Containing elephant’s foot
Our pot recipe this month is for Elephant’s Foot and is designed for a sunbaked patio that needs a graceful focal point but not constant care. You need to water it only when the soil is quite dry, although do remember that even the toughest plants, especially those contained in pots, will grow lush, sporting a deep-green, shiny foliage only if they are fed with a water soluble fertiliser once a month in summer.
- 2 x 4kg Portulacaria afra (Spekboom or Elephant’s foot)
- 4 x 12cm pots of Kalanchoe blossfeldiana ‘Orange’
- 1 x punnet of Crassula fragilis
- We chose a narrow, tall pot with a wide mouth and some mosaic detail
What am I Buying?
Portulacaria Afra ‘Spekboom’ or ‘Elephant’s Foot’ – Apart from all its ‘green’ attributes, Elephant’s Foot is a great plant for containers as it remains handsome throughout the year, demanding very little attention and it is a good container mate when mixed with other succulents and hardy ornamental grasses. The two specimens that we picked and planted together as a centrepiece for our pot were spoiled rotten by the nursery staff with ample water and fertiliser turning them into tall, well-branched, curvy numbers in fairly small nursery bags. Perfect accent plants at very good prices.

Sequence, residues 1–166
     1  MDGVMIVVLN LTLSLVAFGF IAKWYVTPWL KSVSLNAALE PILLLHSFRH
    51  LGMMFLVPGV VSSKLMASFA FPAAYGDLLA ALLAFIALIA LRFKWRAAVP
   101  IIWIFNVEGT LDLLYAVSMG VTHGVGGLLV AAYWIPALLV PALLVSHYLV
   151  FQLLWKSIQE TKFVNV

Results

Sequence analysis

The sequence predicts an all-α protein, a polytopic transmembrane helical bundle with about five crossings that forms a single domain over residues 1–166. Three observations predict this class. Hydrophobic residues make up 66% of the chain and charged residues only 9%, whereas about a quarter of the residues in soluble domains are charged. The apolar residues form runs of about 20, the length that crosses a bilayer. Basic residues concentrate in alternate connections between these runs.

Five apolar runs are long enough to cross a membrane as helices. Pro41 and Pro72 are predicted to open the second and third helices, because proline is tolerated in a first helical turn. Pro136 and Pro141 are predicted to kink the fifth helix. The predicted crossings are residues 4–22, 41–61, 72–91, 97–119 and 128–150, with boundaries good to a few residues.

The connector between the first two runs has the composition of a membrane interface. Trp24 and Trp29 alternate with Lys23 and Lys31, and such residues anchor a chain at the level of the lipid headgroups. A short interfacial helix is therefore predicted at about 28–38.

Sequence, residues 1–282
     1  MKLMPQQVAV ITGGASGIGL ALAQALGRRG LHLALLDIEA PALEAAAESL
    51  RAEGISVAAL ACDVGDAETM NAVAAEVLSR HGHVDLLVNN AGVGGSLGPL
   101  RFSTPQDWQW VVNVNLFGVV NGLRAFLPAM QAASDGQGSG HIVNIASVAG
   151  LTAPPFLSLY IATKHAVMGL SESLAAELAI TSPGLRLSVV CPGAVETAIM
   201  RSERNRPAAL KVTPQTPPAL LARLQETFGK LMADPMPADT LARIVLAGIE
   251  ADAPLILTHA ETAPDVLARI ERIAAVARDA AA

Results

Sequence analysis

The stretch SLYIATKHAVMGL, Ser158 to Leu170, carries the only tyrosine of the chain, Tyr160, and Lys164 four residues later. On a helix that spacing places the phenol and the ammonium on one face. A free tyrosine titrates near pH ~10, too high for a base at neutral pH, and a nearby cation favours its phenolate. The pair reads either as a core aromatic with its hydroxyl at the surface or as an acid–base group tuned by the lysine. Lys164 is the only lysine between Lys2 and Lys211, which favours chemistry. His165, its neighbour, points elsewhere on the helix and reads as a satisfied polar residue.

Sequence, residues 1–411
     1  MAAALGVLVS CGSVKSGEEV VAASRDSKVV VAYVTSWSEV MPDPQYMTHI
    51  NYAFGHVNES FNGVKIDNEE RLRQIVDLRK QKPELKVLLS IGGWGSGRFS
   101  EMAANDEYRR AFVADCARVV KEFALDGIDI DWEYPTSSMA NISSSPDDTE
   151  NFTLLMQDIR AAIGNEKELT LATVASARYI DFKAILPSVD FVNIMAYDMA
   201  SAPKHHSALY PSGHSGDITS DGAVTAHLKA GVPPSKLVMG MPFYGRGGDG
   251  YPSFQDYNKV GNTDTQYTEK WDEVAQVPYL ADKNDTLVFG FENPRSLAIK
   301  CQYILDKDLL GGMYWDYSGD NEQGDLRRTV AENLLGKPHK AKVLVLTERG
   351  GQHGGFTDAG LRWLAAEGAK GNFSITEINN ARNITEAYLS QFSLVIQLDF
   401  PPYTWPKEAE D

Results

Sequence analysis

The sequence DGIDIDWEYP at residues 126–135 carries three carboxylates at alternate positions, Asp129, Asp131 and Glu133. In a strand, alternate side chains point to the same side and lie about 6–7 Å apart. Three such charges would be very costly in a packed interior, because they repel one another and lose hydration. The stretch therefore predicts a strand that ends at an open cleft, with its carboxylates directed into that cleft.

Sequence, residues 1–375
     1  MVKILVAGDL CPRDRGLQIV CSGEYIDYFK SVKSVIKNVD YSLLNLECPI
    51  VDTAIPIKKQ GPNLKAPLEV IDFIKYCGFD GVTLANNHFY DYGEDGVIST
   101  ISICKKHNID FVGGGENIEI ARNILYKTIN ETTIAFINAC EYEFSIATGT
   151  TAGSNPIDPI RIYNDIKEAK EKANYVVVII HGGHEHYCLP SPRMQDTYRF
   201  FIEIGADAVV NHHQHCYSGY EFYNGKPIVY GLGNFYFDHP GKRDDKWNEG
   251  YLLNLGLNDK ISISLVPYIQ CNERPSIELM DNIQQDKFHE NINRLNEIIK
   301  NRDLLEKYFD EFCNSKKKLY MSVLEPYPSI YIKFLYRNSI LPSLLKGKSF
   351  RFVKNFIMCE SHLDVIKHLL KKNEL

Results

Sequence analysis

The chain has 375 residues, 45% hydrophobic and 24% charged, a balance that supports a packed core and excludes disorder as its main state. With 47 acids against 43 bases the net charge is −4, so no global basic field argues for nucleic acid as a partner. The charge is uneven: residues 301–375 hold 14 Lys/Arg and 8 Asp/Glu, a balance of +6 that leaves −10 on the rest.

Carex comans ‘Bronze’– usually called “That Dead Grass” by gardeners not in the know because of its coarse texture and bronze colour. It is, however, the perfect ornamental grass to use in combination with dark-green succulent foliage – a must-have!
Kalanchoe Blossfeldiana x hybrid – the most colourful hybrids in shades of blood red, flashing orange, bright pink, butter yellow and even a down toned whitish colour has arisen from this indigenous species. These humble plants are the mainstay of the indoor pot plant market. They are available in flower all year round, are easy to grow and are guaranteed to supply flashes of colour when needed. If they exhaust themselves with all their floral performance, simply remove them from the pot, cut them back sharply and plant them in your rock garden where they will flower yet again. Then, fill in the empty space in your pot with some new ones, maybe in a different colour. They are also fairly cost-effective.
Crassula Fragilis – look under a dry and dusty bush and you will find a Crassula. Then hunt between huge boulders and you will find another, with a different appearance. This versatile species and some hybrids will grow anywhere and there are many to choose from. Our fine and dainty little Crassula Fragilis has become quite popular with gardeners needing the ‘hung over look’ around their pot edges. The best thing about this little ‘fatty’ is that it takes root wherever it falls – a good thing because one can never have too much of it!